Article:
CUNY Students Help Share Japanese Culture @ Street Festival
The Consulate General of Japan had a booth in this year's 92nd Street Y Street Fest on Sunday, September 23rd. With the help of a few very enthusiastic CUNY college volunteers, visitors to our booth had the opportunity to obtain information and promotional items about Japan. But that awas not all. This year, visitors were vigorously encouraged to try on a set of traditional Japanese armor (yoroi) and take photos if they desired. For those who wanted to, a fully armored, samurai warrior (that we happened to have on staff) was available to pose with for pictures.
For those who were more creative at heart, the Consulate provided origami lessons at the booth. By the end of the day, literally hundreds of cranes and kabuto (samurai hats) were made by children as well as adults. Some participants even showed our staff some very interesting and inventive variations on the crane. Here is what our volunteers had to say about the event.
" It was a really great experience at the 92Y Street Festival as a volunteer. I was responsible for helping people try on the samurai armor. I've learnt Japanese from this festival "Origami." That was what I knew. I felt excited when I tried on the samurai armor. I have never seen real samurai armor before. I was happy to see people around the booth enjoying themselves although they did not look at the Japan booth. The festival went smoothly with a lot of enjoyment all around. Actually, I am not Japanese. I am Thai, but I am very interested in Japanese culture. I am an ESL (English as a Second Language) student at LaGuardia Community College. This festival wasn't only beneficial for me, but also I learned something Japanese. I could improve my speaking and listening English. This was a great opportunity to learn more especially for kids or teenagers. I would like to hear news about such volunteer opportunities in the future. " - Jungburapa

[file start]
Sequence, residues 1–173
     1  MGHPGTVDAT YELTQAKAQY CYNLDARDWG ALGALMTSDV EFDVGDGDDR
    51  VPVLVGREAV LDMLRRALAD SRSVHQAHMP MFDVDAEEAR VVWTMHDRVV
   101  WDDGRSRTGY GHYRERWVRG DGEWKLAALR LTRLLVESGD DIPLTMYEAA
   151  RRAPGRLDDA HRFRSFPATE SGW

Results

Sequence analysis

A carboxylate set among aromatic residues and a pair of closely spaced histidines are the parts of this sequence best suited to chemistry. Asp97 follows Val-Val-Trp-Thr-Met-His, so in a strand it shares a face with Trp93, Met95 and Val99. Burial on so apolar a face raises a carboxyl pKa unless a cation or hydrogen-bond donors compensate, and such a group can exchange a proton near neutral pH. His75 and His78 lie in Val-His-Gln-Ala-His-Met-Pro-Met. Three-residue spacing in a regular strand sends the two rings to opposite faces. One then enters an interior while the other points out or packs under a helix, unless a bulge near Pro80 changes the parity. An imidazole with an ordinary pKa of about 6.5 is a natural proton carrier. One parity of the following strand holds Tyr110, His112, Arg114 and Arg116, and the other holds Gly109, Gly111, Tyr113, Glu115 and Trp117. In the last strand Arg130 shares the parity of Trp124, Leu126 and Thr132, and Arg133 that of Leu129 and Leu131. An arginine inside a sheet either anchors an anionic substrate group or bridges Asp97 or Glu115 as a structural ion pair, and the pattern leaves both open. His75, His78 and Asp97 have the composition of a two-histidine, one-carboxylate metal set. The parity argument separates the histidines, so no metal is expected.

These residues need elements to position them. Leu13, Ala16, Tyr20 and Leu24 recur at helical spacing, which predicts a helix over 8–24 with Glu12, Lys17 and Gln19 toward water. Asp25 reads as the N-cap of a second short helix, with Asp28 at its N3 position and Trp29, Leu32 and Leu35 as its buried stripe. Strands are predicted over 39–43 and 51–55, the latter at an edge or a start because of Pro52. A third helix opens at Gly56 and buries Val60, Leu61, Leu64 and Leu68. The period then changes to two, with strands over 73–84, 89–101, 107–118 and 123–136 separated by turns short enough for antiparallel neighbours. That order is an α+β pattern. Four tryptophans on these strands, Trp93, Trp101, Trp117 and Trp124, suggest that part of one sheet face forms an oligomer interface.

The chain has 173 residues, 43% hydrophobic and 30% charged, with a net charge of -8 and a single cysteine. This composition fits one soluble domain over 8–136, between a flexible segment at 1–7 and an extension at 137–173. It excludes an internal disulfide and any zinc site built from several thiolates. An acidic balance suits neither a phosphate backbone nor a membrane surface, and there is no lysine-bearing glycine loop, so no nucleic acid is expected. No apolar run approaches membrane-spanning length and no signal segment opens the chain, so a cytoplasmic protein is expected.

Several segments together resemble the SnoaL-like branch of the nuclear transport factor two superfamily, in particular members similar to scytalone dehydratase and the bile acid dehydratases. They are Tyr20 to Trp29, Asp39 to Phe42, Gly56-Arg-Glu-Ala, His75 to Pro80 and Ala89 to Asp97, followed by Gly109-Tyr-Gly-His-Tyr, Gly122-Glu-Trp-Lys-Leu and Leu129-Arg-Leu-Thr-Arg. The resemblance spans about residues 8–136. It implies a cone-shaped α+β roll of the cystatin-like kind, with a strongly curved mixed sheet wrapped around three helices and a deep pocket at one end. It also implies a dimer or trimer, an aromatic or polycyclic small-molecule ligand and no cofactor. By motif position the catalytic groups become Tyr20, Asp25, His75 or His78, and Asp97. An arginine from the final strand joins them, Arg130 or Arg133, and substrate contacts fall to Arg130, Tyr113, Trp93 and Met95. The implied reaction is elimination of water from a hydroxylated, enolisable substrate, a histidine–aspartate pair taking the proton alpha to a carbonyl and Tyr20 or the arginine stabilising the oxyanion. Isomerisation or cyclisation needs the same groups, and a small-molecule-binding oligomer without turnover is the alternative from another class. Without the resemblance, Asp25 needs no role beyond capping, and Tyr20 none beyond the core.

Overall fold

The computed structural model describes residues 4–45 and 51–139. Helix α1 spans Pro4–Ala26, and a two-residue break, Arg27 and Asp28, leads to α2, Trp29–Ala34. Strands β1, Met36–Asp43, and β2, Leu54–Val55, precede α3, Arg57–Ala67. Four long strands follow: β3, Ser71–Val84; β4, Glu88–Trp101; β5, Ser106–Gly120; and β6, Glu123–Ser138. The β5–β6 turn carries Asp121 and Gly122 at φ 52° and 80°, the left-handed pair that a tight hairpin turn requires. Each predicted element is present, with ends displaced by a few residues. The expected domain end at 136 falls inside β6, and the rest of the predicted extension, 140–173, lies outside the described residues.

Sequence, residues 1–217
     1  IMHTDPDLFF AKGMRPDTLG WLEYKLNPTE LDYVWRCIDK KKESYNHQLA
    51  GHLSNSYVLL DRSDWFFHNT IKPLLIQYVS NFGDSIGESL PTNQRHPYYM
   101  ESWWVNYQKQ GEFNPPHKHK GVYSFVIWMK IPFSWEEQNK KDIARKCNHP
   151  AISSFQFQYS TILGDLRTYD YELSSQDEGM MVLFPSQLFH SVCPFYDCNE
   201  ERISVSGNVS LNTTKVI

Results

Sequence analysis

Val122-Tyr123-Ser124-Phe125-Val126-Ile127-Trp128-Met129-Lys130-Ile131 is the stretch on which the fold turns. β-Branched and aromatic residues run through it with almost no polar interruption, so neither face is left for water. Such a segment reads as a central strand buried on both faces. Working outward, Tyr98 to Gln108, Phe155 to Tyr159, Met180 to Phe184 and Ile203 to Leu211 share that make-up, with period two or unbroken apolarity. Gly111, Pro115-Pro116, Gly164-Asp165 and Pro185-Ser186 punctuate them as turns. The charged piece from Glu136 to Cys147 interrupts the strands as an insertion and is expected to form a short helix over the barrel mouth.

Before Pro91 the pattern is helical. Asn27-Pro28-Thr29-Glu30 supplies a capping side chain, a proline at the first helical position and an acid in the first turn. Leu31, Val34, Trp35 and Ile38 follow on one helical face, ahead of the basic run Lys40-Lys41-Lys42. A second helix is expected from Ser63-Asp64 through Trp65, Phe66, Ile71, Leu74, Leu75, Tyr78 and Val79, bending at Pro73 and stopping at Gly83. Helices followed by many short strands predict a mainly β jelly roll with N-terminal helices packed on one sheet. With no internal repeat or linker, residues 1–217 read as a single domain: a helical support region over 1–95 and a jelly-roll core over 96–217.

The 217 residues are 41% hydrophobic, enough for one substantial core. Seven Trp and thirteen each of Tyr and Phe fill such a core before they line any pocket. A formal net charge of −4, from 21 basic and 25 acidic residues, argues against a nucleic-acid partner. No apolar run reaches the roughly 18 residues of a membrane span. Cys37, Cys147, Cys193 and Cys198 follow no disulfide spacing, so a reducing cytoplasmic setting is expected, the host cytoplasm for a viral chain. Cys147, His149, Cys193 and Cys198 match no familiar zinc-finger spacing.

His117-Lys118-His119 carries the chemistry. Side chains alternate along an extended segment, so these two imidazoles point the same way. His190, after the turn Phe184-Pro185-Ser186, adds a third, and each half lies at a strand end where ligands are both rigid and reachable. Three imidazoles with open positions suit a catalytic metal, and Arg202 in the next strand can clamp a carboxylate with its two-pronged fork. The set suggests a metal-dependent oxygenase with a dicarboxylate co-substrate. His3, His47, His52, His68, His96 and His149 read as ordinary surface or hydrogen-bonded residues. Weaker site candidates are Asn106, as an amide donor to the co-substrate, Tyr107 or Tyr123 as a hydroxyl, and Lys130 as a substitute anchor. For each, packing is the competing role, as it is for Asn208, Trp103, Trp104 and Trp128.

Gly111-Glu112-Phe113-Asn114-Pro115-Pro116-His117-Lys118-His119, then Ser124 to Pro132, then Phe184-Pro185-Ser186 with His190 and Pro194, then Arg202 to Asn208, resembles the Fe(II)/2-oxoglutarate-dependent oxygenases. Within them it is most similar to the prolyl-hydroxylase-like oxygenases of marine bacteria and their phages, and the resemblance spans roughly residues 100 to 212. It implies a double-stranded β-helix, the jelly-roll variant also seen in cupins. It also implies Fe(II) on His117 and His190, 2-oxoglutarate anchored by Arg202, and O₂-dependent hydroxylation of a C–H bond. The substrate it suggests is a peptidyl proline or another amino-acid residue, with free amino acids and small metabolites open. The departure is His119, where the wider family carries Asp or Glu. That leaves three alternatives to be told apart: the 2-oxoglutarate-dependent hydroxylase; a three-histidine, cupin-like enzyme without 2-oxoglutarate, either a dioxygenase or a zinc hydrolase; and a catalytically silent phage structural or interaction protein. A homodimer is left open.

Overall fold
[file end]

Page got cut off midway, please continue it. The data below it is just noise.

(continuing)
" At the 92 Y- Street Festival, many people stopped at the Japan Consulate's booth while enjoying the beautiful early autumn weather, largely because they were drawn to the armor costume worn by Jesse Taylor who is one of the Consulate's staff members. There was a nice contrast between the clear blue sky and his vivid, orange Japanese warrior's outfit. People loved to take photos with him, and many tried on another set of armor the Consulate had prepared just for that purpose. As for my tasks as an intern, I helped people put on the armor, especially children 4-12 years old, as it was a little heavy. It looked great on all of the children who tried it on. Additionally, we had a small impromptu Origami class at the booth on how to make cranes and Japanese armor helmets. Later, Nanami-san, one of the volunteer members joined us, and the number of fascinated children kept growing. Many of them bravely tried to make cranes but it was more intricate a process for them than it looked. During the process, many of them almost lost their concentration or became discouraged and rather disappointed by the step when they opened their Origami again after they had just folded it. Yet, because of the process, once their Origami was complete, they could see how all their efforts paid off. As soon as their handy paper art was done, they looked so happy and satisfied as their parents smiled back to them. It was a source of great pleasure to pass on the art of Japanese origami to the children here since I strongly believe that cultural exchange is crucial in our increasingly globalized world. I personally appreciated the opportunity to be able to meet a lot people who were drawn to our booth, which was one small satellite of Japanese culture in Manhattan, sharing Origami and Samurai costuming with the world that fine afternoon on 92 street. " - Yamamoto
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The host of the street fest “92nd Street Y” is now offering a “Jewelry Tour of Japan”? in which you can learn about jewelry, metalwork and decorative arts of Japan.? Visit here for more information.